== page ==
DSLR, expand to form Digital Single-Lens Reflex cameras are the digital cameras that direct light from the lens to an optical viewfinder on the back of the camera through the implementation of mechanical mirror system and Pentaprism.

DSLR Cameras: Most preferred by Professional Photographers

These cameras are widely preferred by professional still photographers as

They allow accurate preview of framing close to the moment of exposure.
Allow its user to choose from a number of interchangeable lenses.
Allows accurate preview of depth of field.
Larger sensors in contrast to compact digital cameras that allow for similar depths of fields and picture angle to film formats, and even high signal to noise ratio.

Digital Point-and-shoot Vs DSLR Cameras:

The reflex design scheme is what primarily differentiates a DSLR from a digital point-and-shoot camera that exposes the sensor constantly to the light projected by the lens and allows the cameras screen to be used as an electronic viewfinder.

HDSLRs: The High Definition DSLRs that were introduced in 2009 had a video mode in addition to the still photography mode. The video mode allowed its user to record high definition motion video. The Nikon D90 was the first DSLR camera to shoot and capture HD video.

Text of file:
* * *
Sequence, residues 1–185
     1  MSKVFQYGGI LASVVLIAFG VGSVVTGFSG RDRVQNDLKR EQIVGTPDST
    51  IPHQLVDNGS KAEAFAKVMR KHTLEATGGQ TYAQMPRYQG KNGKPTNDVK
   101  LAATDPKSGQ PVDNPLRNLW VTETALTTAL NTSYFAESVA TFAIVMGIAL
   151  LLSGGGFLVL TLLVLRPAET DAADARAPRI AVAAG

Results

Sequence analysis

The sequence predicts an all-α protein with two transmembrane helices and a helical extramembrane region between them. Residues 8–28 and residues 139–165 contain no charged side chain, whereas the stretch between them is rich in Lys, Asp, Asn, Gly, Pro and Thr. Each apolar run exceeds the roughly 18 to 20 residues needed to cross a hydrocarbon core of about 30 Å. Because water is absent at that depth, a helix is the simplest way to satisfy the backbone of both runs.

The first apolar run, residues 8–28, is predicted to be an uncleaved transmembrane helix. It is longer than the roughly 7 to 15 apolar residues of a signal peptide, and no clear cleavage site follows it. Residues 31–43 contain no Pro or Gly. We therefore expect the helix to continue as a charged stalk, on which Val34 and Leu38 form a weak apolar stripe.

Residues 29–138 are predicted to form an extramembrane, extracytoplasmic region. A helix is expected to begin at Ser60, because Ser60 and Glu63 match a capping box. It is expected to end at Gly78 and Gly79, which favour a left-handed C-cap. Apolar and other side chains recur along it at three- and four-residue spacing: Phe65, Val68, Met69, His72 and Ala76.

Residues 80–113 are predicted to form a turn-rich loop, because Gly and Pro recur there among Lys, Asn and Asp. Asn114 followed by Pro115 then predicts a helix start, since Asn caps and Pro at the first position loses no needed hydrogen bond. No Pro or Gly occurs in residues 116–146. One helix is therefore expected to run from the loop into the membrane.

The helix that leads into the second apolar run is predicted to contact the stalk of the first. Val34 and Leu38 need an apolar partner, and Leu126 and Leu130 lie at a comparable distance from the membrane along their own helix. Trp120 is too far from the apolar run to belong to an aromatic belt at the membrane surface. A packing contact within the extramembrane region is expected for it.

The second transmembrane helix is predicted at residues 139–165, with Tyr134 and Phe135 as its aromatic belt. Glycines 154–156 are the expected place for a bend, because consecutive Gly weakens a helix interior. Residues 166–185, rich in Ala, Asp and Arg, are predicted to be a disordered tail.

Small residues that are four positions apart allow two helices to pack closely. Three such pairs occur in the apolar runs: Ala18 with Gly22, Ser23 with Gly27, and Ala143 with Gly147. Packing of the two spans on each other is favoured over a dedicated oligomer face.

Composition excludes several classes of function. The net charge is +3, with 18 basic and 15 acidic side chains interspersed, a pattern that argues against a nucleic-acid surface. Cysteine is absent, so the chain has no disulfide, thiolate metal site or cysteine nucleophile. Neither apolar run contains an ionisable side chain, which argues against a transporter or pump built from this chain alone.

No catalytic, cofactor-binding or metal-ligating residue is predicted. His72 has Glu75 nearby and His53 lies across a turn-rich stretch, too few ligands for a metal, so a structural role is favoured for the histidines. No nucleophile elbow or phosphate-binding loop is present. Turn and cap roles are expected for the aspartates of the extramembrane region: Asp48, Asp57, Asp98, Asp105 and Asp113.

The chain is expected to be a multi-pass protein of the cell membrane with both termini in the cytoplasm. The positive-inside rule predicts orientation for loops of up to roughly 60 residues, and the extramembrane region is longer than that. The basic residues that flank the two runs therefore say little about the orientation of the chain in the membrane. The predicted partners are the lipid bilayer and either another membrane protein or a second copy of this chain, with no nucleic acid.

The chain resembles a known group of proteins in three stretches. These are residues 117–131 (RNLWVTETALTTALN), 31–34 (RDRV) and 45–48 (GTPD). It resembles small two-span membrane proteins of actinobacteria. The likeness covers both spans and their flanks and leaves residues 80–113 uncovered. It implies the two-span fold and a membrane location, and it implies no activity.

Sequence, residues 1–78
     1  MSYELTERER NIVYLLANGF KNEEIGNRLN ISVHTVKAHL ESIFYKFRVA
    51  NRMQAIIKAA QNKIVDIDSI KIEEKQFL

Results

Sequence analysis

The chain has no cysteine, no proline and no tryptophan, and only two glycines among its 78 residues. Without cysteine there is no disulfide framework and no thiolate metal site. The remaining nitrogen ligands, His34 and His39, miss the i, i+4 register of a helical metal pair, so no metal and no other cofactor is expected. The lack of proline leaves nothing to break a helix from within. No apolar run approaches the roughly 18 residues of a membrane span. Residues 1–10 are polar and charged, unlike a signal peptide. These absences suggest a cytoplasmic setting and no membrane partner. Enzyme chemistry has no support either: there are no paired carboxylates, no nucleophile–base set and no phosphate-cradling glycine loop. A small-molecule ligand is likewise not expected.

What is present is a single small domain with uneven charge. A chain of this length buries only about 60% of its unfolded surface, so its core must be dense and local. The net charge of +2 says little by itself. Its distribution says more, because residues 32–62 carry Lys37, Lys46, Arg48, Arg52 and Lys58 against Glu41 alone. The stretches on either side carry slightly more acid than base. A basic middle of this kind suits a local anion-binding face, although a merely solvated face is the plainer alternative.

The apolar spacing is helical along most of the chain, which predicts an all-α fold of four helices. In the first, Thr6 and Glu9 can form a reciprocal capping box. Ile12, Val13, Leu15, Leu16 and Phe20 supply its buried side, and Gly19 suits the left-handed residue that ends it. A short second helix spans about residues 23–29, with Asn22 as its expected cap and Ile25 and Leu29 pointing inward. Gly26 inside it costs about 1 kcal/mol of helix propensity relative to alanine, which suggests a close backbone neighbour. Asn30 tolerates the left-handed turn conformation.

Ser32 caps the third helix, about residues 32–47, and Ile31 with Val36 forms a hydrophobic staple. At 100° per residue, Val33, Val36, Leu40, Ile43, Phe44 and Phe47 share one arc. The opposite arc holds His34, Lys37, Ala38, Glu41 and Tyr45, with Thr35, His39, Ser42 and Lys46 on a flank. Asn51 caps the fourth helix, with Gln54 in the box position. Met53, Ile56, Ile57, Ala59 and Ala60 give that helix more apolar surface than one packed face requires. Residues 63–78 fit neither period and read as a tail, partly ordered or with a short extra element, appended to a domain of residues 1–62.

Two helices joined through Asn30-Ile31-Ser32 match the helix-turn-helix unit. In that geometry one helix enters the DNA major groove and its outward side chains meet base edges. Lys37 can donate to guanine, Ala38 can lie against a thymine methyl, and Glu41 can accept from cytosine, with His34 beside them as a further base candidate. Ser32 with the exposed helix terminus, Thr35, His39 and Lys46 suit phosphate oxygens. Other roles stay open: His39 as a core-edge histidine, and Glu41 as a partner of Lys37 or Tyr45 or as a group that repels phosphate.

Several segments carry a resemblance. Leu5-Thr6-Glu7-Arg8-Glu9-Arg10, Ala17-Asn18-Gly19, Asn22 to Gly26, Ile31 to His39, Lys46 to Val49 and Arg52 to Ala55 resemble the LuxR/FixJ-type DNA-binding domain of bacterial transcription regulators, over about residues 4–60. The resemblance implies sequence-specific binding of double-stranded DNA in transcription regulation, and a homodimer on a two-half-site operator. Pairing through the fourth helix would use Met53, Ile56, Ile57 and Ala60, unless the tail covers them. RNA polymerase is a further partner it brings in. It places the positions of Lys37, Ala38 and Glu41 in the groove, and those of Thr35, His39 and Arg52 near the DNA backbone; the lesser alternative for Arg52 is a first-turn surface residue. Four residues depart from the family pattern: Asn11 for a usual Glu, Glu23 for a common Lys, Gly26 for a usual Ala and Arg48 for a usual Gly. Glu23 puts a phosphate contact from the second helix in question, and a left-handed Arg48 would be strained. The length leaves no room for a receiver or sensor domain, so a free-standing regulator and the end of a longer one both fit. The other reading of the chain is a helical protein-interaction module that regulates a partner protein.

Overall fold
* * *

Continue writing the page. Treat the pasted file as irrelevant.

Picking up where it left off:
DSLR Timeline:

1991: Kodak was the first to release the commercially available DSLR camera, Kodak DCS-100.
1999: Nikon D1, the first DSLR camera to replace film cameras in the professional photo journalism and sports photography field.
2000 (January): Fujifilms Fine Pix S1 Pro, first DSLR camera to have been marketed to non-professionals.
2004: Konica Minolta Maxxum 7D, first DSLR with in-body image stabilization.
2009: Nikon D90, first DSLR camera with video recording.

Market Share: As of 2008, Canon and Nikon had a whooping share of 41% and 40% respectively whereas Sony and Olympus each had only 6% market share. The duopoly of Canon and Nikon is often referred to as Nikanon or Canikon on online forums.

Popular Brands: Canon, Nikon, Kodak, Pentax, Olympus, Panasonic, Samsung, Konica Minolta, Fujifilm and Sigma.